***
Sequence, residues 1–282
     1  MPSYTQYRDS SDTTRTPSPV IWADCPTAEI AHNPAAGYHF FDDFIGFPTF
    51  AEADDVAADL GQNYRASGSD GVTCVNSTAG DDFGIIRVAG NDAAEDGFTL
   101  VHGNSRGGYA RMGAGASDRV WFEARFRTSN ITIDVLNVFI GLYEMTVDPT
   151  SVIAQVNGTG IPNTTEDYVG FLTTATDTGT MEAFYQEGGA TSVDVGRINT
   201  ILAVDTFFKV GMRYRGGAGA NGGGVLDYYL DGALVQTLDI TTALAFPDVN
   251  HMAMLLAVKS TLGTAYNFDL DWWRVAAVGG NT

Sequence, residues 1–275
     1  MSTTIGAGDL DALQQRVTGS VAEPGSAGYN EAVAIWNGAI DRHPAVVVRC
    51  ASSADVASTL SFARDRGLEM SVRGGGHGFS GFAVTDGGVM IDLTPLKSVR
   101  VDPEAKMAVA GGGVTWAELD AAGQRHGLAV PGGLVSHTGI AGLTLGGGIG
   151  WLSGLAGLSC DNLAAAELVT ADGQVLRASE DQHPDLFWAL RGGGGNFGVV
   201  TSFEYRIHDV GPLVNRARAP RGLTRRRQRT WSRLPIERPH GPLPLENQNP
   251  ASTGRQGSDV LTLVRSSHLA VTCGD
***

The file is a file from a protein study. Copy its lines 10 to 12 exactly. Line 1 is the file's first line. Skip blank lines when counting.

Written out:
    51  ASSADVASTL SFARDRGLEM SVRGGGHGFS GFAVTDGGVM IDLTPLKSVR
   101  VDPEAKMAVA GGGVTWAELD AAGQRHGLAV PGGLVSHTGI AGLTLGGGIG
   151  WLSGLAGLSC DNLAAAELVT ADGQVLRASE DQHPDLFWAL RGGGGNFGVV